Newquay, Cornwall: Where to eat
It's no secret that Cornwall's awash with some of the best produce in the country – if you see Cornish seafood on a London menu that's often a pretty good sign the chef knows their, er, onions. Fortunately not all of it leaves the county, and there's a fast-growing number of places to get great food in and around Newquay, whether you want to sit on a sea wall with a greasy paper cone stuffed with chips or work your way through a seven-course tasting menu with brilliantly paired wines.
If it's the latter you're after – though frankly we'd do both, if not at the same time – the biggest name in town is probably Jamie Oliver's Fifteen Cornwall in nearby Watergate Bay. Set up by the chef/author/food crusader, and now run by Adam Banks, it's as much about social responsibility as it is about innovative-but-approachable cooking. All profits go to the Cornwall Food Foundation, which offers training and opportunities for young people in need, and the menu takes its influence from both Italy and the local area. Proof, if it were needed, that food can taste good and do good at the same time.
Fifteen Cornwall is as much about social responsibility as it is about innovative-but-approachable cooking
Sticking with the big names (but sliding down the price scale somewhat), ubiquitous Cornish seafood god Rick Stein has an outpost in Fistral, where you can grab excellent fish and chips (and curry, too) to take away or eat at the canteen-style tables, plus a good selection of local beers. Rick isn't without compeition, though because many locals reckon Francine's, on the edge of Newquay itself, does the best fish and chips in town.
For something a little more leftfield, try Gilmore's, as you head from Newquay towards Fistral – this brightly painted shack looks a bit crazy (and is a bit crazy) but the tacos made with local meat and fish, tequila cocktails and crazy golf are great fun.
If you want jaw-dropping views of the Atlantic to go with your local and seasonal (and very decent) pub food, head to Lewinnick Lodge in Pentire, just beyond Fistral. There's a good bar, too, and ten tastefully decked-out rooms if you like it so much you can't bear to leave.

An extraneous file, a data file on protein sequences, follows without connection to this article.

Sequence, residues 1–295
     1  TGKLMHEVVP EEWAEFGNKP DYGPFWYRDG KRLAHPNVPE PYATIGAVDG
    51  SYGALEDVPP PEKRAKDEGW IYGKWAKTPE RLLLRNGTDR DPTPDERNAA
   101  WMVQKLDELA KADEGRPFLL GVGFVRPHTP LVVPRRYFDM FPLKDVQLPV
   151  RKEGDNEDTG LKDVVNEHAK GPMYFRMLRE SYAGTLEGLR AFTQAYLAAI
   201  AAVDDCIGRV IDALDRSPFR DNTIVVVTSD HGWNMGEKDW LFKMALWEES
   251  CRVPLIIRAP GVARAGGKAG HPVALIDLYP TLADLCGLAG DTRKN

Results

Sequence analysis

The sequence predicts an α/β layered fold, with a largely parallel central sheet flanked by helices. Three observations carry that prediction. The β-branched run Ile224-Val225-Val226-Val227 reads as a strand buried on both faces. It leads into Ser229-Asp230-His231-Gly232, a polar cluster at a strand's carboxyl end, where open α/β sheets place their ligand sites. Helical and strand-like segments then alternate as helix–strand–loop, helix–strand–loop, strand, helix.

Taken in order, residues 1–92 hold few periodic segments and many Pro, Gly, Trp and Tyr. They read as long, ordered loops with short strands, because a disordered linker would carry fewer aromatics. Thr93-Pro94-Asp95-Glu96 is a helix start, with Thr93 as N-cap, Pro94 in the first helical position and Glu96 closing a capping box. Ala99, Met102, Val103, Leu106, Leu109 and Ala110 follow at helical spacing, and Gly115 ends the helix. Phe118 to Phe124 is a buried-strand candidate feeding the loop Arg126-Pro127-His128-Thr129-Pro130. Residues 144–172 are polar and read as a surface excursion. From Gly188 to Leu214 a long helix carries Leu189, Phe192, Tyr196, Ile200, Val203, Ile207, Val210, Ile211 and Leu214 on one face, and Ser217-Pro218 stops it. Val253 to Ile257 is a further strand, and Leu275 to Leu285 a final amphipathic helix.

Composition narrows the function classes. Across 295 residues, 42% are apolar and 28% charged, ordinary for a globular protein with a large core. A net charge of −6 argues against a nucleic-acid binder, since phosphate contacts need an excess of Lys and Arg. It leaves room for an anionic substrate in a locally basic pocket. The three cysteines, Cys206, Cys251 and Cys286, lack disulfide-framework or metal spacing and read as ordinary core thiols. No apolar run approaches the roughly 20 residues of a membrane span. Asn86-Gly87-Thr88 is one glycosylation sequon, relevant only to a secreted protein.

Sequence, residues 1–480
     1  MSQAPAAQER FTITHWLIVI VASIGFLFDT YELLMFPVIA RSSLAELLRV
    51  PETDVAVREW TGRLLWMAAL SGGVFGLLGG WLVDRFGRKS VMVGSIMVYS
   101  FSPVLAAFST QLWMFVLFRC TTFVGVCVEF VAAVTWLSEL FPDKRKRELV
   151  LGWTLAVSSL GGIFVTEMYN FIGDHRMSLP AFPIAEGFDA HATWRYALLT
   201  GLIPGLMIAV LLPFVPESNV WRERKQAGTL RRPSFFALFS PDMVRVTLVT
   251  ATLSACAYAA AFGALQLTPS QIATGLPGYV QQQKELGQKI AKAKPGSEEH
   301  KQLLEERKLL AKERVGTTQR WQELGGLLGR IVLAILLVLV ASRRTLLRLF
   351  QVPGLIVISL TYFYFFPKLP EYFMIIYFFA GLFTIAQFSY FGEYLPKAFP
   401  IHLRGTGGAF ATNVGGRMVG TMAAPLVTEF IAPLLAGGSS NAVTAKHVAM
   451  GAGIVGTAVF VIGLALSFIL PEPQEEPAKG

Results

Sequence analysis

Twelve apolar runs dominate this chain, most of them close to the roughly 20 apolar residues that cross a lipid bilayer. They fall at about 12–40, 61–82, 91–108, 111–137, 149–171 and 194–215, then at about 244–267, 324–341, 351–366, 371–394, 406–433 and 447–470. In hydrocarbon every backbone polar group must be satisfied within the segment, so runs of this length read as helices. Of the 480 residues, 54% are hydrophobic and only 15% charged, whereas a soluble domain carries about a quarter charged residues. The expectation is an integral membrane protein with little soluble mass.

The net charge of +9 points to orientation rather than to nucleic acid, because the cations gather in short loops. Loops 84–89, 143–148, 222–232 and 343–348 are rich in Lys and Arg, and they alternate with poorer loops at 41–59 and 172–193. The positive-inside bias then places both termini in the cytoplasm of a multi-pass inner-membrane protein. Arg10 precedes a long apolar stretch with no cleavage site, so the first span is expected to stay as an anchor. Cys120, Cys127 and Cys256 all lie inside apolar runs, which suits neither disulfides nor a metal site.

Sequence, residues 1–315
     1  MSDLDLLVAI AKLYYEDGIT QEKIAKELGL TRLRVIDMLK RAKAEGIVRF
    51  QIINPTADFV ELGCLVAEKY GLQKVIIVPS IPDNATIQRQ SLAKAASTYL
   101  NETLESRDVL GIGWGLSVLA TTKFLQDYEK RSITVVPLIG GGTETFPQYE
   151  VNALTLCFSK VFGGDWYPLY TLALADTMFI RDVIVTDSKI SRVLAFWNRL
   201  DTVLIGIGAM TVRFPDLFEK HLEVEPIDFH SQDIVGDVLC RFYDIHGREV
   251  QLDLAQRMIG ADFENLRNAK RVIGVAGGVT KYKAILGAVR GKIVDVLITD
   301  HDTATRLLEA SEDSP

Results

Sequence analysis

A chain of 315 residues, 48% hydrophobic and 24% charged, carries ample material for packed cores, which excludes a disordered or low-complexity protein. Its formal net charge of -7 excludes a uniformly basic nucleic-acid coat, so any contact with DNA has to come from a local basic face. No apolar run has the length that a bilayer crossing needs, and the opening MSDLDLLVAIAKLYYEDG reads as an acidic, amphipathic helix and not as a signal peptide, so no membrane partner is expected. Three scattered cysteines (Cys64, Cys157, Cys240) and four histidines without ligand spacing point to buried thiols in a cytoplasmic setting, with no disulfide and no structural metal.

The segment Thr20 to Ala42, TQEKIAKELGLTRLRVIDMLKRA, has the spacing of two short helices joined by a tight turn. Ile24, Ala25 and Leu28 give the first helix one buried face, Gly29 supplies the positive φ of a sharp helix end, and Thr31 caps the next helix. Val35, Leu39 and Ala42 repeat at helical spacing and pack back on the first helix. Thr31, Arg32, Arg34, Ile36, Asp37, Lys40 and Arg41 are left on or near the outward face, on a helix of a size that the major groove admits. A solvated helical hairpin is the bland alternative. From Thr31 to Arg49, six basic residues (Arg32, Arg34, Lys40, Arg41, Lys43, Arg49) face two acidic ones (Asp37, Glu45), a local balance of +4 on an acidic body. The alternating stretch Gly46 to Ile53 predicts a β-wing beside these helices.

Newquay, Cornwall: Where to drink
In recent years, North Cornwall's become something of a breeding ground for great drinks producers, from gin and wine to beer, and perhaps the best known of all these is Sharp's Brewery, whose Doom Bar ale is the best-selling cask beer in country. Obviously you don't have to go all the way to North Cornwall for a taste of Sharp's hugely popular beers, but for an insight into the people and philosophy behind the brand, you can't beat a trip to its headquarters in Rock. Pick up a bit of knowledge and a few bottles direct from the source, including the aforementioned Doom Bar, Atlantic pale ale and its excellent new pilsner, Offshore. Alternatively, check out nearby The Mariners, a pub run in partnership with celebrated local chef Nathan Outlaw.
If you're more into wine – or you're ready to move from grain to grape – the area has plenty of great vineyards to visit, but one of our favourites is Trevibban Mill. You'll find this organic vineyard just 20 miles north east of Newquay, not far from the harbour town of Padstow. The super-modern winery, set in bucolic North Cornish countryside, is the perfect place to find out more about English wine – not to mention a great spot for glugging back a glass or more of its award-winning produce. If you're there on a Sunday and feeling sprightly, join a two-three-hour tour of the vineyards, with a seven-glass wine tasting and light lunch. There's also an on-site restaurant, Appleton's at the Vineyard, run by Fifteen Cornwall alumnus Andy Appleton and his partner Lyndsey.
And while you can't yet visit the distillery, don't even think about leaving Cornwall without trying Tarquin's gin. Made about 10 miles outside of Newquay, using hand-sourced botanicals (picked by Tarquin himself) and traditional distilling techniques, it's a regular award winner in the world's biggest spirits competitions – and absolutely killer in a G&T, obviously.